First, the graphics. Instead of integrating a discrete, mobile GPU, Razer is using the Intel HD 520 graphics on their chosen Core i7-6500U Skylake processor. This is not a powerhouse. It can barely play Rainbow Six: Siege and Star Wars Battlefront on low settings. It is power efficient though, and it will handle just about any professional, media, or light gaming task you throw at it. If you want to use it for high-performance graphics, then you will need to connect their optional Razer Core GPU dock by Thunderbolt 3. Pricing and availability are not yet available for that, which can be a deal-breaker quite easily. The other problem is that the Skylake processor is dual-core (four threads). Even with a good GPU, some games might be riding the line on the CPU side. It allows you to dock whatever graphics card you like, though. It's worth considering once we get the rest of the details.
But back to the laptop. As I mentioned before, the screen is possibly more interesting than the graphics situation. The panel is based on IGZO technology, which fights with IPS in terms of picture quality. You have two choices in resolution: 2560x1440 with 70% Adobe RGB, or 4K with 100% Adobe RGB. That doesn't seem like much, but Adobe RGB is actually a very wide color space, designed to cover both video and print color spaces. Even the professional grade Dell monitors do not claim 100% Adobe RGB, although they've come within 3% for years now. Having full coverage of Adobe RGB could be very appealing to professionals, especially magazine publishers and similar jobs.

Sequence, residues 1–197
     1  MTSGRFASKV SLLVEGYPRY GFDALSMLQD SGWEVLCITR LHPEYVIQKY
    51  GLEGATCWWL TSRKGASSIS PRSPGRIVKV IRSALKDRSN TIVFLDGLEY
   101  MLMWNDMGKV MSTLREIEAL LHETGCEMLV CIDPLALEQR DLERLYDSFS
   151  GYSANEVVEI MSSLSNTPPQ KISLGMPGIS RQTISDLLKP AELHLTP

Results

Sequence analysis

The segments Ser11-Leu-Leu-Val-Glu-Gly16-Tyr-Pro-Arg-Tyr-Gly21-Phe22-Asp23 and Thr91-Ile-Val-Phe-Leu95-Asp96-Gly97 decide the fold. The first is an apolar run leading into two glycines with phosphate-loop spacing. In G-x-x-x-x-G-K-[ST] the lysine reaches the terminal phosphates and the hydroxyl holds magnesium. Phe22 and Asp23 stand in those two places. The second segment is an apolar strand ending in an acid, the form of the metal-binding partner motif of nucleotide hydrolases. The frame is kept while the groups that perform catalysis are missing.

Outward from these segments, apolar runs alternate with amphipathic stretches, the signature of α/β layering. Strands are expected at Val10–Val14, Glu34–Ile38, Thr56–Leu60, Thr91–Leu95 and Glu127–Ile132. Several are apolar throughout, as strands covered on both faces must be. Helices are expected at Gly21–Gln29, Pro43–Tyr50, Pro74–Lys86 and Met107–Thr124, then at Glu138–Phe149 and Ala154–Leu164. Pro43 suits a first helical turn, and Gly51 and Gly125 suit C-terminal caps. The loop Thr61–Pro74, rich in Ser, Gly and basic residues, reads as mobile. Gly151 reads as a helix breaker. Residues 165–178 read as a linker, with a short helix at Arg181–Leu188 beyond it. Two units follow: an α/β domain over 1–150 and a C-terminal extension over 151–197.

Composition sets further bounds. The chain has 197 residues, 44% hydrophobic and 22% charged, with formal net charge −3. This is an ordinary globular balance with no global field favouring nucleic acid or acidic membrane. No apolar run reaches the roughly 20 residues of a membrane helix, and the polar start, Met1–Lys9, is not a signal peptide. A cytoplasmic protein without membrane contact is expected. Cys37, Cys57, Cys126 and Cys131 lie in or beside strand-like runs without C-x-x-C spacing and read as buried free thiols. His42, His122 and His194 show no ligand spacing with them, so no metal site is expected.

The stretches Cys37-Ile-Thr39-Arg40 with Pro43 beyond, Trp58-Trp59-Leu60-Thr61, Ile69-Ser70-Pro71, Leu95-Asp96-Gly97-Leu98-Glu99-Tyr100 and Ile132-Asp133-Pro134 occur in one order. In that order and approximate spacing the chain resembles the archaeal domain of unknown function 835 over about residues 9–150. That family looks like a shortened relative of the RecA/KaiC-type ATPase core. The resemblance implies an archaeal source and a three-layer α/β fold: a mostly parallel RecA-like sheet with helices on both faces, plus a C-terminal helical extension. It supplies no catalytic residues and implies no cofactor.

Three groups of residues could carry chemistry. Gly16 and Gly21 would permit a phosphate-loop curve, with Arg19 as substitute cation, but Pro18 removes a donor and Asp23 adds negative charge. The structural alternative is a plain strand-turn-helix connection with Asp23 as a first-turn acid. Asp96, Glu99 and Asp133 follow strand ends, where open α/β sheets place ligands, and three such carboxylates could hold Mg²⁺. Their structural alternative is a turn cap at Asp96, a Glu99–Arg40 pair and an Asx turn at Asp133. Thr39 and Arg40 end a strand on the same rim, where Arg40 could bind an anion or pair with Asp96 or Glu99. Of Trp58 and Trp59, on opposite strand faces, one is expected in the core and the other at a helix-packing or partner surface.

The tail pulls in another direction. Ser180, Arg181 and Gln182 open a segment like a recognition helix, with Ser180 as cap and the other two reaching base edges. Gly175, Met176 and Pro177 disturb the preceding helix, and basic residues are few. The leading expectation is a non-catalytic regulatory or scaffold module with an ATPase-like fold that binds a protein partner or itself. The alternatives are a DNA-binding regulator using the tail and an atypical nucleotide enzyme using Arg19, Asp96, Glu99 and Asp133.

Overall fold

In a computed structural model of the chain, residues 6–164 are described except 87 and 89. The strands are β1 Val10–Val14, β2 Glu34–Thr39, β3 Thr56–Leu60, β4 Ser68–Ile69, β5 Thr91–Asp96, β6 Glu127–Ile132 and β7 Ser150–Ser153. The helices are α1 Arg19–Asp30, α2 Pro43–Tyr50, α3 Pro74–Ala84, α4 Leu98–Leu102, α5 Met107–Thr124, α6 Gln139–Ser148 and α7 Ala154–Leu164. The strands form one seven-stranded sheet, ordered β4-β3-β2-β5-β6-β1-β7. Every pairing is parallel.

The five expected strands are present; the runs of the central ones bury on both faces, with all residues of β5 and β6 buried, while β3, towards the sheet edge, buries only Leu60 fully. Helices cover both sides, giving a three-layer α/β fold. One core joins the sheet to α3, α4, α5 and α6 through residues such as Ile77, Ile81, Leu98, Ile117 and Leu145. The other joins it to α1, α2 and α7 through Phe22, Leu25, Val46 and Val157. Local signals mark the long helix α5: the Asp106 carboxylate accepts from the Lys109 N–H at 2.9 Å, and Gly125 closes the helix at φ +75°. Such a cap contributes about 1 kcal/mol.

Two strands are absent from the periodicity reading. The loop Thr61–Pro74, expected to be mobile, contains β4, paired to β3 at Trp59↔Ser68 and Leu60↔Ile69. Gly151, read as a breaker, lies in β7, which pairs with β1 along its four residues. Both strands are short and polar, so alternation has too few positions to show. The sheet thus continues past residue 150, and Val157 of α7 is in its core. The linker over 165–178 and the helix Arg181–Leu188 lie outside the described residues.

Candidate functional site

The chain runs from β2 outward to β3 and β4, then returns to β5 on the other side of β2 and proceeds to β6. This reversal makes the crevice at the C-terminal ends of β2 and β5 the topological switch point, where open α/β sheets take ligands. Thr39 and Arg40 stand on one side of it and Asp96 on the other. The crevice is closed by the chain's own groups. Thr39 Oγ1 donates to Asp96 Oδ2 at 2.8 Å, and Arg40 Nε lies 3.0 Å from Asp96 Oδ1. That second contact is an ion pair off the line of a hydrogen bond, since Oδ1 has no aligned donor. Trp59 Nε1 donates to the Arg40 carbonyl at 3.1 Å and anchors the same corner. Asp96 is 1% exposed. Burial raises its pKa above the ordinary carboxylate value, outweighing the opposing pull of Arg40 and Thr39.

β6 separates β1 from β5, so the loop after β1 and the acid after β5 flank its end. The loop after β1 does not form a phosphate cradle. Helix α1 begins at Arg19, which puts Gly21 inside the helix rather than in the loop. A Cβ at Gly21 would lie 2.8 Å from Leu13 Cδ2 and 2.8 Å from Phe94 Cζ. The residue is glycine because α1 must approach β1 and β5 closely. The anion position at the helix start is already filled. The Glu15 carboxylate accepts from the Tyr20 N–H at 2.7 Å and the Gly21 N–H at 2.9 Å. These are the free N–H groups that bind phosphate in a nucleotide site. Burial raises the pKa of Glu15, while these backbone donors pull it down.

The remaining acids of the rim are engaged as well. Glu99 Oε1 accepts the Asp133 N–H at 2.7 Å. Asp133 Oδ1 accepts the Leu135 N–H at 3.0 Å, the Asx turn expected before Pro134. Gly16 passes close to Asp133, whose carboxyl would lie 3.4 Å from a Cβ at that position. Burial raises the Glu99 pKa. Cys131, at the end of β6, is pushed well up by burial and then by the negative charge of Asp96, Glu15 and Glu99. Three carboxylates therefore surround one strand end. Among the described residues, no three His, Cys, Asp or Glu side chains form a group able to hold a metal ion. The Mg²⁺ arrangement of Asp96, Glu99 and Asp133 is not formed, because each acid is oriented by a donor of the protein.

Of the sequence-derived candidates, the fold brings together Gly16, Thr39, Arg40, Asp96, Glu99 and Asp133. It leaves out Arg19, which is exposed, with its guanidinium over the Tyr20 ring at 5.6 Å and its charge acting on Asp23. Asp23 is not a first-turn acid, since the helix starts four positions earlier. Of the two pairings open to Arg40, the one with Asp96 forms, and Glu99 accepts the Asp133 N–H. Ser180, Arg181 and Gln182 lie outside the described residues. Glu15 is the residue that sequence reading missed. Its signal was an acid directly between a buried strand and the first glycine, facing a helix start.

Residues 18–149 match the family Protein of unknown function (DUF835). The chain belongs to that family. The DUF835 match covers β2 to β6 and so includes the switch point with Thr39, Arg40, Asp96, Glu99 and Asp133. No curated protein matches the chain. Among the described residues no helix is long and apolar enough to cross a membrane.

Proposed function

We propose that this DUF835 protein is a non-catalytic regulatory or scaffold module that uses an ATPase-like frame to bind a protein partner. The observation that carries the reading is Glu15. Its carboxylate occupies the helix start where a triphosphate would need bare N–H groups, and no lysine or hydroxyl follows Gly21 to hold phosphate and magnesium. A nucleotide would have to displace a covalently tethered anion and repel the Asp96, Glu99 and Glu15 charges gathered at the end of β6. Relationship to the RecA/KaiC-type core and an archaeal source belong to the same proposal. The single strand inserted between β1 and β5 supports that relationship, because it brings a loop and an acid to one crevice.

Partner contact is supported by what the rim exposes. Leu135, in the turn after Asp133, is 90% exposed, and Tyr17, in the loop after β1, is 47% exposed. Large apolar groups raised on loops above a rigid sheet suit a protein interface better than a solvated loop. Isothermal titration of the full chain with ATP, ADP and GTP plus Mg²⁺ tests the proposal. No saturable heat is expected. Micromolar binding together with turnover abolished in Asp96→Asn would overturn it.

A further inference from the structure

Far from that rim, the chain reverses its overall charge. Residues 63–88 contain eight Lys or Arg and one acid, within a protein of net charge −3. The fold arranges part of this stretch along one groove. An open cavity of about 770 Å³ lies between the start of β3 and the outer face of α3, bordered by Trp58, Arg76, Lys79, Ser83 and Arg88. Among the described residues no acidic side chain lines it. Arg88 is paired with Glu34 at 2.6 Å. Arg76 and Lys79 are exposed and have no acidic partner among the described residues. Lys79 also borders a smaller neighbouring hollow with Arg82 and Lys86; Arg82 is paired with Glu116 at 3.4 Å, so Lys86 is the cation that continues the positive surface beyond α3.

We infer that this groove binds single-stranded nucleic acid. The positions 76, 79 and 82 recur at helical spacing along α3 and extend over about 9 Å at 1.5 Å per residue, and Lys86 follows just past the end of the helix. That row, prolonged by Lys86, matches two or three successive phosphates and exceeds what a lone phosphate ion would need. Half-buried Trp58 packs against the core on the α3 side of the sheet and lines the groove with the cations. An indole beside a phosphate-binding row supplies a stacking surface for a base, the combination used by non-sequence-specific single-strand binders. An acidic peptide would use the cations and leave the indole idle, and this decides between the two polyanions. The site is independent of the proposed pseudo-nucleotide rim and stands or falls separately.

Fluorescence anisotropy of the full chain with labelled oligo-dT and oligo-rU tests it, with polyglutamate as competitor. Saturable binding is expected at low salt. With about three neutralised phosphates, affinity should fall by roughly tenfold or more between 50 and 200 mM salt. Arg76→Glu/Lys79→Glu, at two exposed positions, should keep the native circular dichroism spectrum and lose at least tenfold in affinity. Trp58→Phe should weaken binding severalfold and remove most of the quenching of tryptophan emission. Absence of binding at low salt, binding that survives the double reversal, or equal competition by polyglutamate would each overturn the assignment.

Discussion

The Razer Blade Stealth is available now, starting at $999.